A Male Contraceptive Gel Is Recruiting Subjects For Trials In The UK To Test Its Effectiveness

Ashley Batz/Bustle

It's about damn time. A new birth control product is set to be trialled in the UK — and this one is for people with an actual human penis. That's right, men could be having to deal with birth control rather than women, which would be a glorious day indeed. The male birth control being trialled is a contraceptive gel called NES/T, which is hormone treatment that would aim to reduce sperm production to effectively zero, while leaving the libido intact. It's definitely still in its infancy — couples are being recruited in Manchester and Edinburgh in the UK and will be asked to use the gel as their only means of contraception for a year. It may be a while before it passes the trial phase and hits shelves, but it's still a very exciting prospect.

How effective could this new male birth control method be? Well, they're aiming high. "We’re aiming to get it down to the sort of level you get with the pill which is a very small but not zero failure rate,” Richard Anderson, a professor of clinical reproductive science at the University of Edinburgh, who is leading the study, told the Guardian. That's significantly higher than condoms, which currently fall at about 82 percent efficacy in real-life conditions (because we don't always use them as properly as they should be used).

Even though a male birth control gel sounds very different than anything we've seen before, it actually works in a way kind of similar to the pill. It contains progesterone which tells the brain’s pituitary gland to essentially shut off sperm production. Because progesterone can also have negative side effects in men due to a drop in testosterone, the gel also contains testosterone to counter-balance those effects.

If the idea of rubbing some gel into your balls before sex doesn't seem very sexy, don't worry — the gel is actually rubbed into the shoulders and upper arms daily, allowing it to be absorbed into the bloodstream. Participants in the trial will be given in the gel in a little pot the dispenses certain doses, so don't go overkill and just use it as a massage gel all over you. Also, if you're thinking, "Wait a minute, women have been putting copper effings coil into their vaginas and men get an actual shoulder rub as birth control?" You're not alone. You're definitely, definitely, not alone.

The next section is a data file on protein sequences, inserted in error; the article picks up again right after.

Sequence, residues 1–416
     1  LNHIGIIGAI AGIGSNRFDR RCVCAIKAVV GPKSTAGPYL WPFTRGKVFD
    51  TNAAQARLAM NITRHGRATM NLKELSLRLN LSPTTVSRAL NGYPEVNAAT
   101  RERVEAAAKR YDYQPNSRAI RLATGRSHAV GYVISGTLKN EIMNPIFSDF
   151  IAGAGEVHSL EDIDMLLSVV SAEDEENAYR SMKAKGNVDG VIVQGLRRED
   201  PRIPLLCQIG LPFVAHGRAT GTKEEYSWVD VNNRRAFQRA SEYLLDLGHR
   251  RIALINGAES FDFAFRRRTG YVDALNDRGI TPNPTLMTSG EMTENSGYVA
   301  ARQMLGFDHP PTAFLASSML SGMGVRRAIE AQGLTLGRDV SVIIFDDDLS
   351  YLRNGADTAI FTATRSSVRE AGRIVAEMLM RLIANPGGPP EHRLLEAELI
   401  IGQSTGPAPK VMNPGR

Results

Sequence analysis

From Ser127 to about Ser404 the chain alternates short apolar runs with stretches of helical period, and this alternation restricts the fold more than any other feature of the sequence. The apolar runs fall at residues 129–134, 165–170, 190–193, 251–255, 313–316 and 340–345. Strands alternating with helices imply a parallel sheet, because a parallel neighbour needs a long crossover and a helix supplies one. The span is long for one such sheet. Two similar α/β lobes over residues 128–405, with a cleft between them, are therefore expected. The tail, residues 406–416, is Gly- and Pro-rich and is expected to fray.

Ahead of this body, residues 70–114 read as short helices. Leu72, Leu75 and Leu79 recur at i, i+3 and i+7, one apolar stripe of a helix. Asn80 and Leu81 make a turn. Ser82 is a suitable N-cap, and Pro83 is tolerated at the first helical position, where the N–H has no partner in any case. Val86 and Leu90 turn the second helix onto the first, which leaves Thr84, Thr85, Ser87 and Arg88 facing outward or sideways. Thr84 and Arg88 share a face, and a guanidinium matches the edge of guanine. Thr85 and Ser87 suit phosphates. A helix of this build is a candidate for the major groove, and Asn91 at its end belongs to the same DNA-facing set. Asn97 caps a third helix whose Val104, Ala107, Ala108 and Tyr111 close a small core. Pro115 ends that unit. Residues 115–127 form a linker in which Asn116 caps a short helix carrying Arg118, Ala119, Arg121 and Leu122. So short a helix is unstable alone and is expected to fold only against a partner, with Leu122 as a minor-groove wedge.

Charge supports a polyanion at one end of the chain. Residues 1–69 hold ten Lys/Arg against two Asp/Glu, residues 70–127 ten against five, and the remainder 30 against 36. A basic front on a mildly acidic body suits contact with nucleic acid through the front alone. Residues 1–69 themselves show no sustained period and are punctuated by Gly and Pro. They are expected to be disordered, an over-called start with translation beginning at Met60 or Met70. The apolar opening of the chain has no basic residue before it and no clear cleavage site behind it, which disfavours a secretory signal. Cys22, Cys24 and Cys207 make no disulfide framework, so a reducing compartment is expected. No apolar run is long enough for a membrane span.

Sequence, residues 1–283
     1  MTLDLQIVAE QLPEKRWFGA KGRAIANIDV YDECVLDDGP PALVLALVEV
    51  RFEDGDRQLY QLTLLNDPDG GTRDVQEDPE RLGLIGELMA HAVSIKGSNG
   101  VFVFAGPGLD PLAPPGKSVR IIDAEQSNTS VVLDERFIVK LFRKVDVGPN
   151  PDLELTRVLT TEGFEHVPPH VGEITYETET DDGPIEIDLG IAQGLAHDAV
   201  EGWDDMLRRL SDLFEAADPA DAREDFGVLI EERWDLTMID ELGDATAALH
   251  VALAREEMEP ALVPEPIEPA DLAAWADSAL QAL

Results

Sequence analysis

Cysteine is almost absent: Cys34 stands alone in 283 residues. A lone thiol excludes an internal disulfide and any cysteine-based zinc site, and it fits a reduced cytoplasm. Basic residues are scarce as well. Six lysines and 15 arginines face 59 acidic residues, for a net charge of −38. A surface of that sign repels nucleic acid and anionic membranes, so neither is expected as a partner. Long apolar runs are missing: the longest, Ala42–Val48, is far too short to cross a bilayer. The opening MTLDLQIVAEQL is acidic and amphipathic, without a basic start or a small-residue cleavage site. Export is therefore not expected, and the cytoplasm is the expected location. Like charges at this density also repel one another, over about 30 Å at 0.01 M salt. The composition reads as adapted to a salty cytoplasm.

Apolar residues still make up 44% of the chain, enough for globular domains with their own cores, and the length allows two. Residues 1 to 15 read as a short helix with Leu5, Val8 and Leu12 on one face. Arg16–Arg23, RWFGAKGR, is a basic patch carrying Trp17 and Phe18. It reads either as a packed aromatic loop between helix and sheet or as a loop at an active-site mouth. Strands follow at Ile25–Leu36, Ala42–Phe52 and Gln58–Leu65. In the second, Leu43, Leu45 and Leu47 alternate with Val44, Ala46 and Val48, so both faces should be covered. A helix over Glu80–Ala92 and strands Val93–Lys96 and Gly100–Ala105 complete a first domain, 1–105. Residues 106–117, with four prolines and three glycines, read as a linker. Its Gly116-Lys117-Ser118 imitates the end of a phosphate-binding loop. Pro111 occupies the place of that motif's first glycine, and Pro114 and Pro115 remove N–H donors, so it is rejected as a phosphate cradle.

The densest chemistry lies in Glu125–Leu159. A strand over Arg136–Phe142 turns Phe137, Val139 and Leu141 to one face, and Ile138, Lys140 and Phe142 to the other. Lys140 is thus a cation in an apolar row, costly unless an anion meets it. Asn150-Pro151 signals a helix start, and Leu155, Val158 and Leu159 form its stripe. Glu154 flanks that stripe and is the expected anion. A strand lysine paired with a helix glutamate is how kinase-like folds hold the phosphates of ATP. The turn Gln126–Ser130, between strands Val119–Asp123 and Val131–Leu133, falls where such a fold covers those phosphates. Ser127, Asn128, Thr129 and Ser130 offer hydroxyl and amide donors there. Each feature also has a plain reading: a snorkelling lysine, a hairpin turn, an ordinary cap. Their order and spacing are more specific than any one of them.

If you remember the contraceptive shot for men that was being trailed a while back, this is actually from the same team. That trial was stopped by the World Health Organization because of side effects like acne, because apparently, the World Health Organization doesn't want men getting pimples but is fine with the dozens of side effects of the female pill including, you know, death. Despite the side effects, Anderson insists that three-quarters of the men in that trial said they would use the injection if it was an option, so there's definitely a market, in both women and men, for a male birth control method. Especially if it is a lot less invasive than many of the things women put themselves through — coils, implants, and the like.

Also, if you're in the UK and want to participate, they're still recruiting. "Men aged between 18 and 50, who are in a stable relationship with a woman aged between 18 and 34, are invited to participate in the trial by calling 0161 276 3296 (Manchester) or 0131 242 2669 (Edinburgh)," according to the Guardian.

Many of us struggle to find a birth control that works, so any alternatives are welcome — especially if there are some male birth control options available. I'm obviously all for scientific advancement but, as much as this trial is exciting, where the eff were the shoulder rub gels when women were getting birth control options? Just sayin'.